QTA welcomes Labor election pledge to support its inland highway proposal

inland highway

Queensland Premier Annastacia Palaszczuk has given her support to the Queensland Trucking Association’s proposal for an inland freight highway while on the campaign trail today.

Touring the $514 million Bruce Highway upgrade at the Haughton River south of Townsville, Palaszczuk said Labor will also improve the inland Townsville to Roma corridor by committing $200 million for the ‘Second Bruce’ to take trucks off the Bruce Highway.

That idea was on of the six key actions recommended by the QTA in its state election blueprint, which it briefed state and federal ministers on.

“Access for safer high productivity vehicles on key freight routes in Queensland is significantly limited particularly by bridge infrastructure requiring upgrades,” reiterated QTA CEO Gary Mahon in a communique to his members earlier today.

“These freight routes must be unlocked to increase the connectivity of key production areas, to export markets and ports in Queensland as a prominent example.

“We are pleased as your Association that our industry ideas, views and policy priorities have been heard and acted upon in different ways. We will continue to strongly urge the next Queensland Government to direct more economic stimulus monies to essential key road assets to unlock efficiencies and connect key freight routes.”

inland highway

Member for Townsville Scott Stewart said Labor’s commitment to the inland roadway and bridge upgrades is a win for the freight industry.

“Labor’s Real Bruce Plan will take trucks off the Bruce Highway by building capacity on the Second Bruce to improve safety and reduce travel times for freight,” Stewart said.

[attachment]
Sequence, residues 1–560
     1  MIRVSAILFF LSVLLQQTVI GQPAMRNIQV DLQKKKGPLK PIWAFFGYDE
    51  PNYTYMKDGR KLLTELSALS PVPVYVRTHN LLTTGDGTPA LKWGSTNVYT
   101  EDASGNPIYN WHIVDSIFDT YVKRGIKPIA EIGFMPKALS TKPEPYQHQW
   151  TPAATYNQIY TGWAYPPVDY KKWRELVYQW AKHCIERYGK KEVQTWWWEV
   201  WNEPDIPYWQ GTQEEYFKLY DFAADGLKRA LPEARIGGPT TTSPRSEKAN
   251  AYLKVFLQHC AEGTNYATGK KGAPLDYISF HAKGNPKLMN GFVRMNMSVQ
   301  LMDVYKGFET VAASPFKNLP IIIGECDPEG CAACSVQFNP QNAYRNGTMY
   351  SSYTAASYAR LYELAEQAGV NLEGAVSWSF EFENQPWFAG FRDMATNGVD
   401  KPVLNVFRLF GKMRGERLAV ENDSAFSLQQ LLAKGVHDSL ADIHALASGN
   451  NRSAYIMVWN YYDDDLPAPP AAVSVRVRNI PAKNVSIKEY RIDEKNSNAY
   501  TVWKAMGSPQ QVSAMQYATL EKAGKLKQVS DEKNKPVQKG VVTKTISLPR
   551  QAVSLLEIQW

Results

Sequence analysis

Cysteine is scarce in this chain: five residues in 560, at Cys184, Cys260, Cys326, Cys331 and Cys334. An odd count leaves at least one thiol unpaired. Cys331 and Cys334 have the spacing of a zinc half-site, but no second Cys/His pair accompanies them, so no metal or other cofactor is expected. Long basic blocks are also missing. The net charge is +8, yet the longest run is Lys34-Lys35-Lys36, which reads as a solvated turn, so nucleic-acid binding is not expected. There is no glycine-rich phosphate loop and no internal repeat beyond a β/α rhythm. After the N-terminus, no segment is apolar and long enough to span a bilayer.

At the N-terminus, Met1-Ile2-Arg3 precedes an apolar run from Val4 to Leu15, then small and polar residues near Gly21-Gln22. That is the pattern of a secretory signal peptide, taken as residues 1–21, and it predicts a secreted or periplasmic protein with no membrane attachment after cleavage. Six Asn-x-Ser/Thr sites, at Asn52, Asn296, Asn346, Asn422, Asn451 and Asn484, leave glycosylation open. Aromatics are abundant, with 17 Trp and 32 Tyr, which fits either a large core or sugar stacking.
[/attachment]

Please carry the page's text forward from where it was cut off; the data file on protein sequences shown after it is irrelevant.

“Encouraging trucks to head inland means less trucks heading through local communities along the highway, from Gympie to Townsville.

“Transport industry modelling has estimated trucks travelling between Far North Queensland and Melbourne on upgraded inland highways could save up to five hours on a single one-way trip.”

Key opportunities of the Second Bruce plan include:

  • Reducing truck movements on the existing Bruce Highway up to 49 per cent
  • Cutting freight travel times between North Queensland and key markets in Sydney and Melbourne
  • Upgrading inland highway bridges to suit larger vehicle combinations
  • Prioritising maintenance and highway upgrades to meet heavy haulage standards
  • Offering a reliable alternate freight connection to access regional and remote communities cut off by natural disasters
  • Generating new regional jobs at food, accommodation and rest stop businesses to meet demand from increased inland truck movements.

Following Labor’s announcement about the proposed Second Bruce, the Minister for Infrastructure, Transport and Regional Development, Michael McCormack, issued a statement of his own, wondering where it would be funded.

“The Australian Government has a strong $10 billion commitment to the existing Bruce Highway – money which is already allocated to several upgrades and projects,” he said.

“That Federal money has already been committed – it is for Queensland Labor to explain which part of the existing Bruce Highway it wants to rip money from to fund today’s thought bubble.”

He added that in addition to $10 billion for the Bruce Highway, the Australian Government has invested significantly in the inland road network in Queensland to support the efficient and safe movement of people and freight, including more than $1 billion under the popular Roads of Strategic Importance program (ROSI).

“Making elections commitments is fine, but when you promise to spend money already allocated to existing projects, you need to be transparent about the communities from which you intend on stripping funding.”

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